Be aware – will power isn’t going to be enough. And in fact, trusting your will power is the most unpleasant and frustrating way to go about getting sugar out of your life. To quit sugar  successfully, you must proceed with some forethought, strategy, and perseverance.

Amateur Strategies to Avoid

I admit I’ve glossed over why you might be thinking of quitting refined sugar. I’m assuming you’ve already determined you’d like to move in that direction – for health or weight management reasons. Suffice to say, there’s nothing good that comes from eating refined sugar apart from the drug-like pleasure it offers. That doesn’t lead to anything good.

When you start to dabble in eliminating it, you might feel outmatched. It’s hard to even cut back, much less quit. Don’t be discouraged – you’re learning from your own experience how addictive it is to you. You need to know this.

You may even try to find ways to circumvent quitting, thinking, “maybe I can have it, but control it.” This is the phase where you might be trying to negotiate a peace treaty with it. Here are some amateur moves that I tried and found to be useless:

  • Skipping meals to save calories for dessert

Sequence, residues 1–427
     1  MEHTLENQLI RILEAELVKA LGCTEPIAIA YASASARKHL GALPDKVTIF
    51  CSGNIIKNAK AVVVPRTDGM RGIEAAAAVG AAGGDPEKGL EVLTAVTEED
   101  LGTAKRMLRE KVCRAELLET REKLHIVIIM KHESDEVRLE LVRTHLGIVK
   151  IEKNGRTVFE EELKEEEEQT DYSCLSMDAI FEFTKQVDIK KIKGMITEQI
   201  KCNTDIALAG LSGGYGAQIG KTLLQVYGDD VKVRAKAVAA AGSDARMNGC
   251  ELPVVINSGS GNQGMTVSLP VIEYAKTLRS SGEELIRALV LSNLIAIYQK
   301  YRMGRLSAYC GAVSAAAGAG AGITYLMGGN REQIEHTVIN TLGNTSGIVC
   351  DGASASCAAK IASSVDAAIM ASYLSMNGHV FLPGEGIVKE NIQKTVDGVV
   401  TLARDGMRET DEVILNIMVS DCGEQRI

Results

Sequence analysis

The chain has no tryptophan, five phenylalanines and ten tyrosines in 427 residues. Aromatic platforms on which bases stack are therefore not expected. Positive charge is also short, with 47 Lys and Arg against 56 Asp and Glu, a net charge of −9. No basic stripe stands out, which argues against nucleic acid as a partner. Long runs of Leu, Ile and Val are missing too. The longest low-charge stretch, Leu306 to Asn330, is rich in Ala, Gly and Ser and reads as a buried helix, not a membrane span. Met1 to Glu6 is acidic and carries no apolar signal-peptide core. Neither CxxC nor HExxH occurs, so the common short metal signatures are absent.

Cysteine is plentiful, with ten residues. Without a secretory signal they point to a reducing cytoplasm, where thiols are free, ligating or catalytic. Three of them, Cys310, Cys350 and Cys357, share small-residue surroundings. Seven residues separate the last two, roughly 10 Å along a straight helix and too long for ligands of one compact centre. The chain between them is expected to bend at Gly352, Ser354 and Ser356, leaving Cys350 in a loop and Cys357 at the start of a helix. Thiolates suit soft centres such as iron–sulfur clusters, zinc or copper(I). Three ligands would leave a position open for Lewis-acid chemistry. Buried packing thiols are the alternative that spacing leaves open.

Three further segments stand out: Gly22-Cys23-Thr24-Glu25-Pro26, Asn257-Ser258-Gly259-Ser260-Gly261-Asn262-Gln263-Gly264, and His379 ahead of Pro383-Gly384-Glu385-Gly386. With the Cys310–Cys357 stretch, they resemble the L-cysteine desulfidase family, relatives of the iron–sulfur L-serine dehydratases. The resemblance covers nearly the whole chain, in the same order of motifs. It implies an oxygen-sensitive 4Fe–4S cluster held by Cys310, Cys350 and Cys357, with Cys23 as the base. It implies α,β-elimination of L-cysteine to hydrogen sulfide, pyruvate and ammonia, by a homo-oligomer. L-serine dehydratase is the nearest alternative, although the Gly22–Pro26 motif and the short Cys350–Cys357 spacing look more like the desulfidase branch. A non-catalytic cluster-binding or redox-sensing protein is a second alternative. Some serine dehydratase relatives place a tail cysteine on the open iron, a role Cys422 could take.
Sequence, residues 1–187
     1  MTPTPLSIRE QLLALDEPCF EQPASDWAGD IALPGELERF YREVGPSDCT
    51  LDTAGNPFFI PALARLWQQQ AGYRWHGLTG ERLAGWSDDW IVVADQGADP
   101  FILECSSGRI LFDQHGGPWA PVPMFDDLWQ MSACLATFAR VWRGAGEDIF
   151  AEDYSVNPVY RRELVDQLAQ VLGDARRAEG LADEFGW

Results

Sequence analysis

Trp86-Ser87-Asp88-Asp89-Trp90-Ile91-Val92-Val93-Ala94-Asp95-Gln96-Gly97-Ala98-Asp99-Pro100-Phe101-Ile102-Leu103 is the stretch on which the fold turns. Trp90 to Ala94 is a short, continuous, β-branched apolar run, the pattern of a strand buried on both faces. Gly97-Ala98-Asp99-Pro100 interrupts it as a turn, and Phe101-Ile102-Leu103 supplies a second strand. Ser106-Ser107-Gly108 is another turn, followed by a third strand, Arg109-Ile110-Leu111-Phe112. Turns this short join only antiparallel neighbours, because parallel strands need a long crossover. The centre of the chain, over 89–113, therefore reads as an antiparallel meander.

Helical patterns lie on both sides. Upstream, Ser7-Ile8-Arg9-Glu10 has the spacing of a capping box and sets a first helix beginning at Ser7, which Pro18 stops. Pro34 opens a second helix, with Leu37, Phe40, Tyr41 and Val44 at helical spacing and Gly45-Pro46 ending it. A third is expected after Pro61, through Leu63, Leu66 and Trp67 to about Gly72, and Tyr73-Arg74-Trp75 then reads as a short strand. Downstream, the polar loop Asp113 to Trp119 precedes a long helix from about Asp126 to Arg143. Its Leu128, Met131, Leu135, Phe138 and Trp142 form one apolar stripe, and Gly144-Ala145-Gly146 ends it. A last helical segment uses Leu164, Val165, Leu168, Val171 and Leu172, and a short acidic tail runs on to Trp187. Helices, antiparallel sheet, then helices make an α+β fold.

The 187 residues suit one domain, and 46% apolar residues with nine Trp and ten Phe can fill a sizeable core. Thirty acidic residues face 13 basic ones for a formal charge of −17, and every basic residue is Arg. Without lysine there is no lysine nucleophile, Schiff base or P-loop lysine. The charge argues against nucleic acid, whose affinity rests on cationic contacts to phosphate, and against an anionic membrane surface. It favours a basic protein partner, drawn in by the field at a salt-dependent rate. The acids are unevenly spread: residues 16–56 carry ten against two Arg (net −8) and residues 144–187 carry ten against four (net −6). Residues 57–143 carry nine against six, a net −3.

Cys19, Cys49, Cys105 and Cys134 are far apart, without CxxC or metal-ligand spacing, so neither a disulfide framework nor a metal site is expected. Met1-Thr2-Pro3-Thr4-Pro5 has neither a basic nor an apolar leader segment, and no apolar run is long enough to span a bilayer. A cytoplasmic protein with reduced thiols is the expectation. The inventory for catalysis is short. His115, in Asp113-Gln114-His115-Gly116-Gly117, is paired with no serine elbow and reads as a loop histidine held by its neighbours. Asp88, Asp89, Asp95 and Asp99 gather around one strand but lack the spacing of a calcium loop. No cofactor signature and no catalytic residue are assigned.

• Taking a bite of sweets and throwing the rest away
  • Trying to make reduced sugar versions of desserts
  • Exercising more (and more) to burn off the extra calories

The list goes on. If these sound familiar, check yourself. You are trying to negotiate with a granular terrorist. In all these cases, sugar still owns you. Each time you think you’ve contained it, it will creep up again and overtake you. One minute it’s acting right, the next, it’s sitting in a vat of cream cheese frosting.

It knows when you aren’t serious and it will continue to run your life. You must decide whether you are serious or not. For me, I had to slug through a few attempts at peace treaties that didn’t hold until I learned I had no choice but to kick it to the curb.

What to do When you Mean Business

Everyone knows sugar really is addictive, and our brains like it as much as heroin and morphine. Has it been your observation that people have an easy time overcoming drug addiction?

Not so much…

If that weren’t enough, repetitive behaviors, reinforced by pleasure create the most stubborn of habits. Your behavior has been hi-jacked by brain parts you neither knew existed, nor can pronounce. The more you repeat something, the more your brain believes it’s important and latches on harder. It will even remind you – “Hey, it’s 9:00, time for ice cream.”